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Biochem Biophys Res Commun. 1991 Jan 31;174(2):716-20.

Amylin activates glycogen phosphorylase and inactivates glycogen synthase via a cAMP-independent mechanism.

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Sandoz Research Institute, East Hanover, NJ 07936.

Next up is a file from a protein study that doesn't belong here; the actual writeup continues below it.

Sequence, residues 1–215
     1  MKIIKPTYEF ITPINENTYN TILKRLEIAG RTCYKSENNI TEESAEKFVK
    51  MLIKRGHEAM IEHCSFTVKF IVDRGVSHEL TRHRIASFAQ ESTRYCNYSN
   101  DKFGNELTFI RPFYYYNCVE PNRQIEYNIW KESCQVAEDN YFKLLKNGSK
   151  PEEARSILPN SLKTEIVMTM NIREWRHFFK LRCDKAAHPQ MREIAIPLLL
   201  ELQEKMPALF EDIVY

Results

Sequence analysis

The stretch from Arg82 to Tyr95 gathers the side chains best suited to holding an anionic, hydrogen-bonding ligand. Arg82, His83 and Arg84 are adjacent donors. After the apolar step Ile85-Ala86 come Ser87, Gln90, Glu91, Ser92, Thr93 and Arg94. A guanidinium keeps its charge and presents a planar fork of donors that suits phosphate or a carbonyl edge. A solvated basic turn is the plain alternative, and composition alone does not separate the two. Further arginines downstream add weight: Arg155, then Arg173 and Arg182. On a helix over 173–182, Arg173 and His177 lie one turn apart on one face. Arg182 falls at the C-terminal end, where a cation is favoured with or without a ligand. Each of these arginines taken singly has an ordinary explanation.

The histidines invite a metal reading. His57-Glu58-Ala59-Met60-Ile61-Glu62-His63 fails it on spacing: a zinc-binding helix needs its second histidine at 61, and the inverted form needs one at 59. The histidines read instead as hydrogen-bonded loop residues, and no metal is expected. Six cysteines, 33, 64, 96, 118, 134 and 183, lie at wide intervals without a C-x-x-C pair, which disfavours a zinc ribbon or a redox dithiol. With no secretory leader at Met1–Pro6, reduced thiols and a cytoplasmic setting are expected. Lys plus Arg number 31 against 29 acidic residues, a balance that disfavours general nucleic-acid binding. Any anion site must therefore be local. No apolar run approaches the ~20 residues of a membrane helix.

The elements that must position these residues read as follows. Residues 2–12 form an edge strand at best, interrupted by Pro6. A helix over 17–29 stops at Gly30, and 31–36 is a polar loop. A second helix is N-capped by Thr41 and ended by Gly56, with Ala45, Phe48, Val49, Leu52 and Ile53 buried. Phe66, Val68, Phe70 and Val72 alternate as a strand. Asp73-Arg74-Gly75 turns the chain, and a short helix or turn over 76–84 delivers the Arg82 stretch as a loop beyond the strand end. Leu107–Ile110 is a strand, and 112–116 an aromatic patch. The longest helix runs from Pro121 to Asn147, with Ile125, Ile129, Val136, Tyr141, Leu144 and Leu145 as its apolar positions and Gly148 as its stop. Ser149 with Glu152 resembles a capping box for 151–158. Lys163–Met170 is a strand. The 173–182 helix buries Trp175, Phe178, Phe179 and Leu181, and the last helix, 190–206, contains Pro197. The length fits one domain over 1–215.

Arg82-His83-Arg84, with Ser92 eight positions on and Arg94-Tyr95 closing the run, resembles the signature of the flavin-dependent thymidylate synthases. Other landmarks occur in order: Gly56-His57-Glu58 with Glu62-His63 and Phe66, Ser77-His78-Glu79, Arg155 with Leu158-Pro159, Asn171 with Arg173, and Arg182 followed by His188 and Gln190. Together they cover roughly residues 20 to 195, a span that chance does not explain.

Although the novel pancreatic peptide amylin has been shown to induce insulin resistance and decrease glucose uptake, the mechanism of amylin's actions is unknown. The following study evaluated the effect of amylin on glycogen metabolism in isolated soleus muscles in the presence and absence of insulin (200 microU/ml). Total glycogen, glycogen phosphorylase and glycogen synthases activities, and cAMP levels were measured. Total glycogen levels were significantly decreased by amylin (100 nM) in fed or fasted muscles under conditions of insulin stimulation. Amylin (100 nM) activated glycogen phosphorylase by as much as 100% and decreased glycogen synthase activity by over 60%, depending on the metabolic state of the muscles. These effects where comparable to those of the beta adrenergic agonist isoproterenol. A lower concentration of amylin (1 nM) did not significantly affect glycogen levels, glycogen phosphorylase, or glycogen synthase activity. Cyclic AMP levels were increased two-fold by isoproterenol but were unaffected by amylin. In conclusion, amylin induces glycogenolysis by decreasing glycogen synthesis and increasing breakdown. The effect of amylin on enzyme activity is consistent with a phosphorylation-dependent mechanism. It is likely that these events are mediated via a cAMP independent protein kinase.

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